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Backseat Boots

post #1 of 8
Thread Starter 

Hi Folks, looking for a bit of advice


Two seasons I got a pair of nice new shiny boots, Tecnica Cochise 110's,


Lovely pair of boots, reasonably light, all day comfort and walk mode.


Only problem is that it felt like I was being pushed over the back of the ski's all the time, I couldn't get centred.

Ski's are K2 Hardsides with Marker Barons. Old boots were Lange CRL FR80's ( no problems with that combination)

I was thinking the fact the old boots were a lot softer was allowing me a lot more forward flex, new boots by comparison felt like pushing into a brick wall.


So  I spent a bit of time in my local Snowdome (not a lot of mountains around me) playing around with shims, foam, heel lifts and clipping variations doing a bit of diy boot fitting.....yes I know.


Between two visits I took a bit of material off the cuff bottom edges to get a more progressive flex, which seemed to improve things but the basic issue didn't go away.


The eureka moment was this weekend when I tried packing under the heel binding. At 6mm things clicked and I was back to my old self.


My question is what to do now?

6mm seems like a hell of a lot to jack up the binding and if I just shim up the biding what happens if I try to use another pair of skis.

Is there a bigger issue here I should be trying to do something about rather than just curing a symptom?



Any advice appreciated



post #2 of 8

Jacking the boot up at the heel tilted it forward effectively increasing the forward lean----it is easy to increase the forward by adding a spoiler between the top back of the shell and liner.  This changes the tibia angle of your lower leg moving your center of balance forward over the boot sole.


When you hit the correct spot you know it as you mentioned in your post----evidently you have slimmer calves and the 

Tecnica's are too upright for you leg circumference.  Most all boots have become more upright recently---works for some folks.


You need to get your new boots to have the same amount of forward lean as you old ones, by adding the correct thickness of spoiler you can accomplish this.  So once you have determined the amount of change you need, look for a spoiler, if you can't find one that is precisely the right thickness, you can add layers of duck tape to the spoiler to get to the right number.


Place a carpenters square upright behind the heel of your old boot and measure to the back of you liner at the top of the back of the shell, then measure the same thing on your new boots---do a little math and there you go---you have found out how much to add.


Good luck



post #3 of 8

Mike has given you the answer you need, it is all about stance and balance, subtle adjustments are going to make a massive difference to how the whole thing performs, do bear in mind that if you are on different skis the bindings may have differing delta angles so the problem MAY return to some extent but if the spoiler you use is tapered and velcro attached you should be able to move it to increase or decrease the lean angle of the boot to suit whatever ski you are on

post #4 of 8

It sounds to me as if your new boot is more upright than the old.  A more upright boot will always feel stiffer if everything else is the same.


I doubt there is a 6mm decrease in differential between toe and heel height and the Cochise is not a particularly stiff boot.  Can you find ways to play with forward lean angle.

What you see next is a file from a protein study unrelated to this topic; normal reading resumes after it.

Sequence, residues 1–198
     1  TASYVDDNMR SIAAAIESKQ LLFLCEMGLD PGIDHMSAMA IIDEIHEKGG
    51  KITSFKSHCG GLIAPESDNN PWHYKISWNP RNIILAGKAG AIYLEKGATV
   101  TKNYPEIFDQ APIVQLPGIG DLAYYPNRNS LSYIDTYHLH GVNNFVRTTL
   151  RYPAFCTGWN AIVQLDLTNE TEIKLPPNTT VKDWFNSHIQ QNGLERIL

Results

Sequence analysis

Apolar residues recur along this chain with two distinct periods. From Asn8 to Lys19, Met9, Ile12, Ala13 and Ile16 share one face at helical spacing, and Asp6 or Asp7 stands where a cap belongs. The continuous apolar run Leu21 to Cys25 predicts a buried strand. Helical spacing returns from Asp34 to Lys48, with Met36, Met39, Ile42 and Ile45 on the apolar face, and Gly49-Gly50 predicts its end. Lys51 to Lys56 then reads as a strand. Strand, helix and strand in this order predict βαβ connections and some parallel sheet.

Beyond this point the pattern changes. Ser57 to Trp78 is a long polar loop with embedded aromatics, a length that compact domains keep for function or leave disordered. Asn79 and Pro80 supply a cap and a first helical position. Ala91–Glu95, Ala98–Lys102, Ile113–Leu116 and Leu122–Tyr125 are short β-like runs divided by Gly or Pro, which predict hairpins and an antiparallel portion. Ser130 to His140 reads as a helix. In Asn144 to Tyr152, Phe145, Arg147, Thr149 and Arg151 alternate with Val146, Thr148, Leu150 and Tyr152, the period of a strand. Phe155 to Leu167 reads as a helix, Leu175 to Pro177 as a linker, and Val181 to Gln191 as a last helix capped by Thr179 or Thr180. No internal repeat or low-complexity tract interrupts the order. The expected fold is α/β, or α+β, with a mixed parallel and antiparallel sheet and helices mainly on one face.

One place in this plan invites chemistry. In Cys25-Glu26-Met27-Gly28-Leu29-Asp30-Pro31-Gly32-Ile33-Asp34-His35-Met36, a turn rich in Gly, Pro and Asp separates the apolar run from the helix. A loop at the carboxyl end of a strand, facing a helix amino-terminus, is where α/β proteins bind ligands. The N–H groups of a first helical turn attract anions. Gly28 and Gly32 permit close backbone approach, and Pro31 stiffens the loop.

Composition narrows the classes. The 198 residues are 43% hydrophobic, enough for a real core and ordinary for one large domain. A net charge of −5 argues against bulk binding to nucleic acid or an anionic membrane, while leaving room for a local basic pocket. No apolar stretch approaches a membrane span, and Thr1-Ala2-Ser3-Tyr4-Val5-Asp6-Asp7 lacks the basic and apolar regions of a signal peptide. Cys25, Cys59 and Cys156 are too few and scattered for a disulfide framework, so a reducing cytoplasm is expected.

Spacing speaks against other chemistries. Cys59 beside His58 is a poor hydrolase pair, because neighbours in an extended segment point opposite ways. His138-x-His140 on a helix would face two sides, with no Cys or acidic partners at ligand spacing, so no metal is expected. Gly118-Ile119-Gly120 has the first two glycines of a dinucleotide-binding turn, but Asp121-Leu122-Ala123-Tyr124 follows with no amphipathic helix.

post #5 of 8
Thread Starter 

Thanks for the feedback.


No square to hand so butted the boots back against a convenient piece of furniture.


The difference between old and new boots comes out at 9mm.

Interestingly, putting 6mm under the heel of the new boot reduces the difference to 2mm but I noticed there was already a spoiler velcro'd  to the back of the liner adding a few millimeters so we are probably within a millimeter when that's taken into account.


I had tried putting foam pieces between the back of the liner and shell on a previous test but with hindsight the foam was probably not thick enough and too soft to be effective.


Any ideas about what to make a new spoiler out of? I'll need to buy/scrounge something.


The spoiler that came with boots is quite short, if I'm making my own is it better to make it longer, how far down into the shell should it go (suitably tapered as mentioned)?




Seeing some light at the end of the tunnel at last.





post #6 of 8
I had suggested using Duck tape--- it turns out that 5 pieces of tape layered up is 1mm thick. We recommend that you make up several 1mm thick pieces 2X3 inches and carry them out on the hill with you skiing, stuck to the out side of the boot cuff, ready to be added to the spoiler as needed, till you feel centered up. This way you have a degree of adjustability ready to go, while you skiing and you have the ability experiment. Stick the layers to the inside, top of the shell, by opening the top 2 buckles and power strap and pulling the shell back from the liner(whilst kneeling and out of your skis). Beleave me, this works and a couple mm's can make a world of difference.

post #7 of 8

Rich, where are you based?, i am going to guess UK as you mentioned snowdome!  if so i am sure we can sort you out a spoiler that will work, just get ijn touch if you need something


post #8 of 8
Thread Starter 

Feel another trip to fridge coming on.


The duck tape trick sounds like a good option, will give it a try.



Originally Posted by CEM View Post

Rich, where are you based?, i am going to guess UK as you mentioned snowdome!  if so i am sure we can sort you out a spoiler that will work, just get ijn touch if you need something


Hi Colin, I've had  a few trips to Bicester over the years, if I struggle with a more permanent solution will no doubt be knocking on your door again




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